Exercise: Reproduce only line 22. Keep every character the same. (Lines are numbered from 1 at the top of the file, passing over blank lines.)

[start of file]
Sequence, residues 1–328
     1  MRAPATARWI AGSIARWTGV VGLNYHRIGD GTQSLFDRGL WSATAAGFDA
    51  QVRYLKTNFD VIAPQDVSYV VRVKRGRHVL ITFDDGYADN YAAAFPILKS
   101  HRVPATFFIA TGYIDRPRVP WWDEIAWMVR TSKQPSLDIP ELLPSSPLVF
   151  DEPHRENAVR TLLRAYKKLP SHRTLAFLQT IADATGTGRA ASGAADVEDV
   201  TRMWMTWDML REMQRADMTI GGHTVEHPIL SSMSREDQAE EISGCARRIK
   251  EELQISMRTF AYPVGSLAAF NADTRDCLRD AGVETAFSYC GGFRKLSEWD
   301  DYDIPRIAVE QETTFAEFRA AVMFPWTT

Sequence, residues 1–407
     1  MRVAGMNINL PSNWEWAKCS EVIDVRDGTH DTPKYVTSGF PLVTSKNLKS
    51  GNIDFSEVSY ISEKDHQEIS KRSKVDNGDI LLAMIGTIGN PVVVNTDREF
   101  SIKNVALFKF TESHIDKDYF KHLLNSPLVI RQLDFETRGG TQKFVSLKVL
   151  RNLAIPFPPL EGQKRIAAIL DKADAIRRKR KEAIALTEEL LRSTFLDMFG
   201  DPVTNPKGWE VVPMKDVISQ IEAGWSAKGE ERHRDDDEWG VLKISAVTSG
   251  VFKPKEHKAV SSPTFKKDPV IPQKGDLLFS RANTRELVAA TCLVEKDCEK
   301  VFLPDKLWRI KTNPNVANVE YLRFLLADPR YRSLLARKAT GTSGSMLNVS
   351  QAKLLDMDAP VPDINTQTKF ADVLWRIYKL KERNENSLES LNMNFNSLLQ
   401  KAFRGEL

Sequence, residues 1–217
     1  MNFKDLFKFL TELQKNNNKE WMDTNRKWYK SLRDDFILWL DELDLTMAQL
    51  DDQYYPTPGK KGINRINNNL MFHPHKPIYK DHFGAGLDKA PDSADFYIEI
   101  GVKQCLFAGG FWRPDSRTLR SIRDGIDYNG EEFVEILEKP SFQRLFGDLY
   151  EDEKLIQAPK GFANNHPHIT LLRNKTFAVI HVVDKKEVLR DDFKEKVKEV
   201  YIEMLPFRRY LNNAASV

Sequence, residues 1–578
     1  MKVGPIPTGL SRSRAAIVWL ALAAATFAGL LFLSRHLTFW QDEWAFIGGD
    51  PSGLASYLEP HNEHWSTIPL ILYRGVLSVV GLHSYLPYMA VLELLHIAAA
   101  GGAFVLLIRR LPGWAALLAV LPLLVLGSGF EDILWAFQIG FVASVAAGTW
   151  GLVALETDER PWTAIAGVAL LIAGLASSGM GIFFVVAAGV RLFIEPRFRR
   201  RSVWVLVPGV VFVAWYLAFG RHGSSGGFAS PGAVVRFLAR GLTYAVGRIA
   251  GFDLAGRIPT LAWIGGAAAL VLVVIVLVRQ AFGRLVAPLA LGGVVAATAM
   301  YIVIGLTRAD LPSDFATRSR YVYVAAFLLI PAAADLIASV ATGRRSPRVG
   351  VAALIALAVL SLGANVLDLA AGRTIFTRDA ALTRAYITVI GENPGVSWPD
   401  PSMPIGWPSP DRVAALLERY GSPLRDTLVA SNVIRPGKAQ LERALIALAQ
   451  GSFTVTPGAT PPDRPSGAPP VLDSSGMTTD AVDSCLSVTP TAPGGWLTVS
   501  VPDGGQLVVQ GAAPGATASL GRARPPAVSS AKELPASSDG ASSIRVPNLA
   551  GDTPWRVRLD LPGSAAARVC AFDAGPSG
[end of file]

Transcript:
   101  GVKQCLFAGG FWRPDSRTLR SIRDGIDYNG EEFVEILEKP SFQRLFGDLY